However, there may be one or more long latency instructions which will require many iterations through the replay loop 156 before finally executing properly. If the instruction did not execute properly on the first attempt, the checker 150 may determine whether the instruction requires a relatively long period of time to execute (i.e., a long latency instruction), requiring several passes through the replay loop 156 before executing properly. There are many examples of long latency instructions. One example is a divide instruction which may require many clock cycles to execute.
Another example of a long latency instruction is a memory load or store instruction where there was an L0 cache system miss and an L1 cache system miss. In such a case, an external bus request will be required to retrieve the data for the instruction. If access across an external bus is required to retrieve the desired data, the access delay is substantially increased. To retrieve data from an external memory, the memory request controller 119 may be required to arbitrate for ownership of the external bus 102 and then issue a bus transaction (memory read) to bus 102, and then await return of the data from one of the external memory devices. As an example, according to an embodiment, approximately 200 clock cycles may be required to retrieve data from a memory device on an external bus versus 4-24 clock cycles to retrieve data from L0 cache system 120 or L1 cache system 122. Thus, due to the need to retrieve data from an external memory device across the external bus 102, this load instruction where there was a L1 cache miss may be considered to be a long latency instruction.
During this relatively long period of time while the long latency instruction is being processed (e.g., while the data is being retrieved across the external bus 102 for a L1 cache miss), the instruction may circulate tens or even hundreds of iterations through the replay loop 156. Each time the long latency instruction is replayed before the source data has returned, this instruction unnecessarily occupies a slot in the output of mux 116 and uses execution resources which could have been allocated to other instructions which are ready to execute properly. Moreover, there may be many additional instructions which are dependent upon the result of this long latency load instruction. As a result, each of these dependent instructions also will similarly repeatedly circulate through the replay loop 156 without properly executing. All of these dependent instructions will not execute properly until after the data for the long latency instruction returns from the external memory device, occupying and wasting even additional execution resources. Thus, the many unnecessary and excessive iterations through the replay loop 156 before the return of the data wastes valuable resources, wastes power and increases the application latency.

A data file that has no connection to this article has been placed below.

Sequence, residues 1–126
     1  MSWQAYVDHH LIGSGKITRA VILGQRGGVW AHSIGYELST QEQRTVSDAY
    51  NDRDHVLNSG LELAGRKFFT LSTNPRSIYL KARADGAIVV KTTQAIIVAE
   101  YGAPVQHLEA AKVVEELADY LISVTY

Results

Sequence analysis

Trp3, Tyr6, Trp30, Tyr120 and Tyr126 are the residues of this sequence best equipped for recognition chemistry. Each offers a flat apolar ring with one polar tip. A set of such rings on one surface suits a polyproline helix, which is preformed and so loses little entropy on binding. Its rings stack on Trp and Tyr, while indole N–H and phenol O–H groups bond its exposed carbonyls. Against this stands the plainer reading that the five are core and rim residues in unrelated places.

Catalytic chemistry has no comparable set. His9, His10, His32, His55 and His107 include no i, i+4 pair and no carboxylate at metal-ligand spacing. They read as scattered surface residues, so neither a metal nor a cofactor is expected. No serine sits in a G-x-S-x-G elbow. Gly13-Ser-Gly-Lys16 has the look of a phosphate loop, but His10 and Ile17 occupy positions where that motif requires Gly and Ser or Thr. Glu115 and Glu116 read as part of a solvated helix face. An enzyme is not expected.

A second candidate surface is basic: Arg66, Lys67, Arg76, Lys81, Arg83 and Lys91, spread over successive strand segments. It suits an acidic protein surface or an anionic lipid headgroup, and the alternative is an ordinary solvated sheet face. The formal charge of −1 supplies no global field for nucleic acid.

For example, where several calculations are being performed for displaying pixels on a display, an instruction for one of the pixels may be a long latency instruction, e.g., requiring a memory access to an external memory device. There may be many non-dependent instructions for other pixels behind this long latency instruction that do not require an external memory access. As a result, by continuously replaying the long latency instruction and its many dependent instructions thereon, the non-dependent instructions for the other pixels may be precluded from execution. Once the long latency instruction has properly executed, execution slots and resources become available and the instructions for the other pixels can then be executed. An improved solution would be to allow the non-dependent instructions to execute in parallel while the long latency instruction awaits return of its data.
According to an embodiment, an advantageous solution to this problem is to temporarily store the long latency instruction in a replay queue 170 along with its dependent instructions. When the data for the long latency instruction returns from the external memory device, the long latency instruction and its dependent instructions can then be unloaded from the replay queue 170 and sent to mux 116 for replay. In this manner, the long latency instruction will typically not “clog” or unnecessarily delay execution of other non-dependent instructions.
Therefore, the advantages of using a replay queue in this manner include:
a) prudent and efficient use of execution resources—execution resources are not wasted on instructions which have no hope of executing properly at that time;
b) power savings—since power is not wasted on executing long latency instructions before their data is available;
c) reduce overall latency of application—since independent instructions are permitted to execute in parallel while the data is being retrieved from external memory for the long latency instruction; and